8 Steps to "Chase Zero" With Wrong-Site Surgery
1. Start from the top. If OR team members are going to take wrong-site/side surgery seriously, the message needs to start in the C-suite, Ms. Groah says. "There has to be a concept at the very top that patient safety is number one at the institution," she says. This means the topic should be discussed in whatever method the CEO uses to communicate with the whole hospital — town-hall meetings, regular emails, video chats, etc. "If the CEO really believes and puts forward the message of preventing wrong-site surgery as part of their strategy, everyone else will understand the importance of it," she says.
2. Involve all the stakeholders. Ms. Groah says there are three main groups of providers who actually touch the patient: nurses, surgeons and anesthesiologists. All three groups have to agree on the format for double-checking the correct side and site of surgery. Ms. Groah says most surgical facilities use a version of the World Health Organization, Joint Commission or CMS recommendations around using a surgical checklist.
She says the lists are often modified to fit hospital needs; for example, a pediatric hospital would need to add special precautions for young patients, while hospitals with extensive use of laser and electrosurgery machines might add checklist issues about fire protection. Ms. Groah says the process of customizing the surgical checklist for a facility should involve the OR director, the head of nursing, the chief of surgery and the chief of anesthesia.
3. Educate all OR members together. Ms. Groah recommends holding an education session about wrong site/side surgery that includes all OR team members. One of the biggest roadblocks to successful prevention of wrong site/side surgery is a lack of collaboration in the OR, she says. In many cases, the surgeon will go ahead with the case without stopping to check the side and site of surgery, and other providers do not feel comfortable interrupting the process.
She says every member of the OR — the surgeons, anesthesia providers and nurses — should sit down together and discuss the benefits of the checklist. She recommends providing literature on the effectiveness of using a surgical checklist, as well as going through role-playing exercises to get providers used to checking in with each other. She says some hospitals have taken extra measures to make sure the surgical checklist is visible. For example, some facilities color-code their checklists to show which staff members are responsible for which tasks. Other facilities post the checklist on an electronic board on the wall of the OR, so that everyone can see each step as it is completed.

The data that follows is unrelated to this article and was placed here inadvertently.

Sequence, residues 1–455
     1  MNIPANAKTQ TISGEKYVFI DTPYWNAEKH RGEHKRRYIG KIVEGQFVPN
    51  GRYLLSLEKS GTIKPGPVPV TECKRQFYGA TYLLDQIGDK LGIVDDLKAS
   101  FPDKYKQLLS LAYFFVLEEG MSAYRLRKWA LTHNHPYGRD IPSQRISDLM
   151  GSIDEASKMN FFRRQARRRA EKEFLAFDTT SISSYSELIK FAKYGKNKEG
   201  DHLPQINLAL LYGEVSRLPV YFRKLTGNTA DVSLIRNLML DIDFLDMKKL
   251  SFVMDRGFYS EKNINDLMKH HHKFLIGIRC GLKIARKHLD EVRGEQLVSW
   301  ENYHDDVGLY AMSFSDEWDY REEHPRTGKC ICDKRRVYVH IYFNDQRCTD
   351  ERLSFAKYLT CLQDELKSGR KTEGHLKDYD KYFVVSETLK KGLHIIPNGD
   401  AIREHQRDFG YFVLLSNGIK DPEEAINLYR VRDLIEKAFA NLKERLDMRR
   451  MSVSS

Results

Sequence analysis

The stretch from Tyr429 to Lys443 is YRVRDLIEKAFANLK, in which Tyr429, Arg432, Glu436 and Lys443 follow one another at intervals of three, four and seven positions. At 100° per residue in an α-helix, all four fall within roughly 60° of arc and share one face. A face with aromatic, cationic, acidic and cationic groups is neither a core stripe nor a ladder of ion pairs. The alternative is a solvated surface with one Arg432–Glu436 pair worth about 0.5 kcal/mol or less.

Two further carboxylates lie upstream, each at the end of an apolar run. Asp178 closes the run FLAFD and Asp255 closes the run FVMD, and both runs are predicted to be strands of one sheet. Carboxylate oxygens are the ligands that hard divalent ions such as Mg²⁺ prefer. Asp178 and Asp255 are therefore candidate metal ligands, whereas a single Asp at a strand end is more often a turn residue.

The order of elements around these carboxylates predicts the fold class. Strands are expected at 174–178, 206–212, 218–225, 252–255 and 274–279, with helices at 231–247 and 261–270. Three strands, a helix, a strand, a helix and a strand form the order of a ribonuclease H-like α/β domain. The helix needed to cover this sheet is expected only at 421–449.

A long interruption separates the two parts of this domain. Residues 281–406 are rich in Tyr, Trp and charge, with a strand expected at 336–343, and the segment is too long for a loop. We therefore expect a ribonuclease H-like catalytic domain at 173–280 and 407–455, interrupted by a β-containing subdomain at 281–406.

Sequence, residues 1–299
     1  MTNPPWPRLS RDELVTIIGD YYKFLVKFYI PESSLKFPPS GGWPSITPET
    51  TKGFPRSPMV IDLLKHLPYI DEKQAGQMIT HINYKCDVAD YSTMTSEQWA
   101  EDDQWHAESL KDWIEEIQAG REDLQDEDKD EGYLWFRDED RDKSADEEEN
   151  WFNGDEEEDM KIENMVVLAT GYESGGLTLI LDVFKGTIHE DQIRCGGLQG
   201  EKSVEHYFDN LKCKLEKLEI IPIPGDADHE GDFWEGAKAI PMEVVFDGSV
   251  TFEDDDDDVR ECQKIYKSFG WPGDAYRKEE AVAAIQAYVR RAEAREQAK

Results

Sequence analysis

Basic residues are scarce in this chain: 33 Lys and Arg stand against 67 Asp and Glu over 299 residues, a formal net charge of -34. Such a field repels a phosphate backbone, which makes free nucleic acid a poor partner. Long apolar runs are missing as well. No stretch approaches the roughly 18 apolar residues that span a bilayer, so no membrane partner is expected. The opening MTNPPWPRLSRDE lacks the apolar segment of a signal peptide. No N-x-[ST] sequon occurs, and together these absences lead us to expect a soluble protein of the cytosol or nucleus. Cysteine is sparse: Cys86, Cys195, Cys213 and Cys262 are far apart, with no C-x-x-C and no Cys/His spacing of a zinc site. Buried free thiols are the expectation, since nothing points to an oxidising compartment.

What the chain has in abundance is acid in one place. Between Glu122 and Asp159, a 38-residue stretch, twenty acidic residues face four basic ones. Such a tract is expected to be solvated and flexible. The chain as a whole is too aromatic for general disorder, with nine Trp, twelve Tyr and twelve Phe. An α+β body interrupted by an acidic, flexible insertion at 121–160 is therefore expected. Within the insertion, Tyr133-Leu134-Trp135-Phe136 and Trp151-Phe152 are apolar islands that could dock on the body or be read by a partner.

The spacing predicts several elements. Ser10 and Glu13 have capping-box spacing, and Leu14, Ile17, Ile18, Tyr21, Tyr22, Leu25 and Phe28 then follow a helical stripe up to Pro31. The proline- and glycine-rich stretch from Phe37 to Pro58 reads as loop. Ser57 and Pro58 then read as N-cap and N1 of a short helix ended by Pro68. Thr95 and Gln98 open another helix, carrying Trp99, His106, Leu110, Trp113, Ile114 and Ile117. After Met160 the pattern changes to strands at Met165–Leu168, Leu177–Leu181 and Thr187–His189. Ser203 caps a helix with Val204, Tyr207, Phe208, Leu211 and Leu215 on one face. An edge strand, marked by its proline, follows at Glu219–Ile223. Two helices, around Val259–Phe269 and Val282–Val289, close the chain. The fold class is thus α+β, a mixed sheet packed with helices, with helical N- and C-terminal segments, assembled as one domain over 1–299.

4. Ask the surgeon to take the lead. Ms. Groah says the surgeon should start the checklist process by getting the attention of all OR members and saying, "Let's go through the checklist." All the OR team members should then introduce themselves to encourage collaboration and show who's responsible for the care of the patient.
Once everyone has been introduced, the circulating nurse should go down the checklist and complete every precautionary task, including double-checking the side and site of surgery. Every person in the OR should have their complete attention focused on the checklist, to make sure no miscommunications occur.
6. Institute a number of "double checks" to ensure the right side/site is understood. Prior to surgery, the facility should institute a series of "double checks" to make sure everyone is on the same page about the side and site of surgery. "It starts in the surgeon's office, when the patient and the surgeon agree to surgery," Ms Groah says. "At that point in time, they'll say, 'We're going to operate on your left hip,' and that's the way the procedure is scheduled when the surgeon fills out a form or calls the scheduling office."
She says the patient will then sign a consent form prior to surgery, which can occur either during the office visit or during a pre-op visit within two weeks before surgery. The consent form should clearly say where the surgery will occur on the patient. The surgeon would then make a note in the chart before surgery and mark the side and site on the patient in the pre-op area, so the patient can participate. The circulating nurse would check the consent form and the OR schedule when she checks the patient in prior to taking the patient to the OR.
7. Install "secret shoppers" to check up on OR compliance. Once you have educated your OR team members about the surgical checklist process, you need to know if they're complying with the policy. Ms. Groah says the best way to do this is to assign a "secret shopper" to make rounds and observe team members on a regular basis.
"Nobody knows the person is observing the protocol for the checklist," Ms. Groah says. "The advantage to the concept is that if you're being watched, you're going to do it the right way." If team members don't know they're being watched, they'll give a more accurate portrayal of what happens in the OR on a daily basis.
8. Debrief after surgery to go over "near misses" and "good catches." Ms. Groah says it's important to reserve some time after surgery to review everything that happened. In the debriefing, people have the opportunity to talk about instances when a wrong site/side surgery or other untoward events could have happened, but didn't. This provides a learning opportunity for the next surgery, because "near misses" will probably be avoided in the future if the staff members understand why they happened.
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